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Researchers have discovered that Cuttlefish can recall the exact details of specific events, even up to the end of their lives. These results were published in the journal Proceedings of the Royal Society and are the first to show that animals can retain specific events even after they age.
Memory tests were conducted by researchers from the University of Cambridge (UK), the Marine Biological Laboratory, Woods Hole, Mass. and the University of Caen (France) with common cuttlefish, Sepia officinalis. Half were between 10-12 months and half were between 22-24 months and two-thirds were between 20-24 months of age – the equivalent of humans in their 90s.
“Cuttlefish are able to remember what they ate and where it was. This information can be used to help them make better food choices in the future.” It’s amazing that they retain this ability even though they show other signs of ageing like loss of muscle function or appetite,” stated Alexandra Schnell, first author from the University of Cambridge’s Department of Psychology. She conducted the experiments at MBL Senior Scientist Roger Hanlon.
As we age, our ability to recall events that occurred at specific times and places gradually declines. For example, last Tuesday’s dinner. This is known as episodic memory and is caused by the decline of a portion of the brain called the the hippocampus.
Cuttlefish don’t have a brain with a hippocampus and their brain structure differs from ours. Learning and memory are linked to the cuttlefish’s brain’s vertical lobe. Researchers believe this is why episodic-like memory in cuttlefish does not decline over the course of their lives.
The cuttlefish had to be trained to move in a certain area of their tank that was marked with a white and black flag. They were then taught that grass shrimp (which they love) and king Prawn were two of the foods they could eat. This was done after they had experienced specific delays and were able to access specific flag-marked areas. For four weeks, this training was repeated each day.
The cuttlefishes were then tested for their recall of what food was available and where it was. The two feeding spots were different each day to ensure they didn’t learn a pattern. Every cuttlefish, regardless of age, watched the food that first appeared at each flag to determine which feeding location was the best for each meal.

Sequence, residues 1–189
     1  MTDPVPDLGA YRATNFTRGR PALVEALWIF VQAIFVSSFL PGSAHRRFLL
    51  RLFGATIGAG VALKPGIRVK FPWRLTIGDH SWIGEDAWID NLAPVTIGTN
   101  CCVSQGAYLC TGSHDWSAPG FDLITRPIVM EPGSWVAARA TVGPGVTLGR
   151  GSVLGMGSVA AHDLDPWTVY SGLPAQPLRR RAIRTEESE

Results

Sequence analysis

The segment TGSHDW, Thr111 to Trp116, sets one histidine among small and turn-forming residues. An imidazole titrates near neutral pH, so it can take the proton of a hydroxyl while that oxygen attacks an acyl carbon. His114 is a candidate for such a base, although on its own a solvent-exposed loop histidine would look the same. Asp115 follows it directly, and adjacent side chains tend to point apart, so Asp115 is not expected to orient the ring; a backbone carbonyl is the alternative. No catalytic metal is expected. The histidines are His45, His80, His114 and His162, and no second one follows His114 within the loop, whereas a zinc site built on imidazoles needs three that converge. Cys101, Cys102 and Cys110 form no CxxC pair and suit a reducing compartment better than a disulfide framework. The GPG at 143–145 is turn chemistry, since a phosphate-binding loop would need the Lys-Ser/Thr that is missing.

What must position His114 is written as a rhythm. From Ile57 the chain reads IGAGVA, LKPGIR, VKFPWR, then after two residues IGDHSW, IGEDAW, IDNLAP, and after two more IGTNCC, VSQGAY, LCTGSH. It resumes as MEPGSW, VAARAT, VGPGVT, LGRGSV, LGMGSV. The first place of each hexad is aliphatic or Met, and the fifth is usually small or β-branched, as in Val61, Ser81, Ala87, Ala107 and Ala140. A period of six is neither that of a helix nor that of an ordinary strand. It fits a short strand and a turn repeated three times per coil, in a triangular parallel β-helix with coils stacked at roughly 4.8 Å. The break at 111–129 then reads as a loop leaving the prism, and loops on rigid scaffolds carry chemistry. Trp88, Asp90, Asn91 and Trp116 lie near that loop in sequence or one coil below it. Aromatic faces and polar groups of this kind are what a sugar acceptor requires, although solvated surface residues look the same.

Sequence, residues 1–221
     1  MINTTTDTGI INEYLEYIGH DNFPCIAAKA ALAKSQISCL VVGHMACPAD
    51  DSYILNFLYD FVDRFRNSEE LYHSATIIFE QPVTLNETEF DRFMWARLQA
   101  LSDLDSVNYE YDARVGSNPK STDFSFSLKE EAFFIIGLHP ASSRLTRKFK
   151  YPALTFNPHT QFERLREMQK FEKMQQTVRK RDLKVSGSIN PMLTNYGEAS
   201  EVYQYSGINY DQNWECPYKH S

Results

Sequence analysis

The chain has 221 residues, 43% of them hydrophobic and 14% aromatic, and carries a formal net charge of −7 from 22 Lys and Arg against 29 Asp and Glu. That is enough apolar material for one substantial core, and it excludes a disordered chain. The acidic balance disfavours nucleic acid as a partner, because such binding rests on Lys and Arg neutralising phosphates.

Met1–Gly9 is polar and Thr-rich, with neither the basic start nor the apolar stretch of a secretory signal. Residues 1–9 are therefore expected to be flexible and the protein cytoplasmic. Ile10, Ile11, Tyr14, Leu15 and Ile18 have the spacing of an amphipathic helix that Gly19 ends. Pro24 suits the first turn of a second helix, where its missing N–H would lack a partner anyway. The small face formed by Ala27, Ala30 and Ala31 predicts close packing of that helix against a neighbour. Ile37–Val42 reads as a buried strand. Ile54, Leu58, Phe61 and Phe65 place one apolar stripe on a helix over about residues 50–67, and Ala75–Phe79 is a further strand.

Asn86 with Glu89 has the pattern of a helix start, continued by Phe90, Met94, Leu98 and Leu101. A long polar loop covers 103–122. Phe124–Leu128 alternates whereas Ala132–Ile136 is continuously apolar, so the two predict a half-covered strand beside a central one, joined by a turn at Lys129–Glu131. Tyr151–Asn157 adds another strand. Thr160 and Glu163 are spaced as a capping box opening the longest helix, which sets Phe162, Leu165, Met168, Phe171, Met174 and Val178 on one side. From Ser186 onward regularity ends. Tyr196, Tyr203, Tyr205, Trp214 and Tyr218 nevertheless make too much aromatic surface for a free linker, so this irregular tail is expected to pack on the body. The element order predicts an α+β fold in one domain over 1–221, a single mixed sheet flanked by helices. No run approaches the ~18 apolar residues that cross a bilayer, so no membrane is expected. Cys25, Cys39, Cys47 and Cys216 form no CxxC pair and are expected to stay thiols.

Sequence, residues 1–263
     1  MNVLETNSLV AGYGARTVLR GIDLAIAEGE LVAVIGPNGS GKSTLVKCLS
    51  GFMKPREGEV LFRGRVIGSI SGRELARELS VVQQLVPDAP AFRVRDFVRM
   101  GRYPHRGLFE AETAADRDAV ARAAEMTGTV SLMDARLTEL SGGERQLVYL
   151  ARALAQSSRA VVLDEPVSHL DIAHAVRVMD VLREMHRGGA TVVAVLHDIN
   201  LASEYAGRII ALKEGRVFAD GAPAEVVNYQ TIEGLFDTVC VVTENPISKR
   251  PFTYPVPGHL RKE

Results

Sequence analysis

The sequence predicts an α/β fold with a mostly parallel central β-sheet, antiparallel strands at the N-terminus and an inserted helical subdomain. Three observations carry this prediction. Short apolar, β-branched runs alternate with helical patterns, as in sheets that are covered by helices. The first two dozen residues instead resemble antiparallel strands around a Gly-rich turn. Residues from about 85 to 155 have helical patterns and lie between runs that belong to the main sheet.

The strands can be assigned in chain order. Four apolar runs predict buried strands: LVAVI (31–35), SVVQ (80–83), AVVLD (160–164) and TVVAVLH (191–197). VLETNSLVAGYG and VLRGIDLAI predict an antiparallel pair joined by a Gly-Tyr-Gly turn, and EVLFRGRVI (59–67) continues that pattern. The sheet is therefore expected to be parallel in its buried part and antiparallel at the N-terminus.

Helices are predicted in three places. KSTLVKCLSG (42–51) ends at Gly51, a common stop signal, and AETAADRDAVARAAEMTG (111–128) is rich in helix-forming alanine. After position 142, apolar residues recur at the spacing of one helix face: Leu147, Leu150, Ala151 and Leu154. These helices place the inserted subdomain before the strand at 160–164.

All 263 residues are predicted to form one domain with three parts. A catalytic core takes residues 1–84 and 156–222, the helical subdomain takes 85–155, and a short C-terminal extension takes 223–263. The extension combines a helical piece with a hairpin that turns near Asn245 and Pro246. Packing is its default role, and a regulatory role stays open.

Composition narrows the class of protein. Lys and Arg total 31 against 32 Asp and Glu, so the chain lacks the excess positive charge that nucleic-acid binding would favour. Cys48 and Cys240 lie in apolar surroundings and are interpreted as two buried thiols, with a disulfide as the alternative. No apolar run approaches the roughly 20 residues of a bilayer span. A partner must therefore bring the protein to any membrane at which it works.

The old cuttlefish were just as good as the younger ones in the memory task – in fact, many of the older ones did better in the test phase. We speculate that this ability might help cuttlefish in the wild to remember who they mated with, so they don’t go back to the same partner; such behaviors might promote gene spreading throughout the regional population.”Alexandra Schnell, First Author
The old cuttlefish were just as good as the younger ones in the memory task – in fact, many of the older ones did better in the test phase. We speculate that this ability might help cuttlefish in the wild to remember who they mated with, so they don’t go back to the same partner; such behaviors might promote gene spreading throughout the regional population.”
Alexandra Schnell, First Author
Hanlon said, “We have been studying cuttlefish extensively in field and laboratory for many decades, but these sophisticated behavior are a surprise to even us.” Many more discoveries are still to be made about the relationship between brain and behavior.
Cuttlefish live a short life span, with most living to around two years. This makes them an excellent subject for testing whether memory declines as we age. It is difficult to determine whether animals can remember things. The authors used the term “episodic like memory” to describe the cuttlefish’s ability to recall what, where, and when they happened.
University of Cambridge
Schnell, A.K., et al. (2021) Episodic-like memory is preserved with age in cuttlefish. Proceedings of the Royal Society B. doi.org/10.1098/rspb.2021.1052.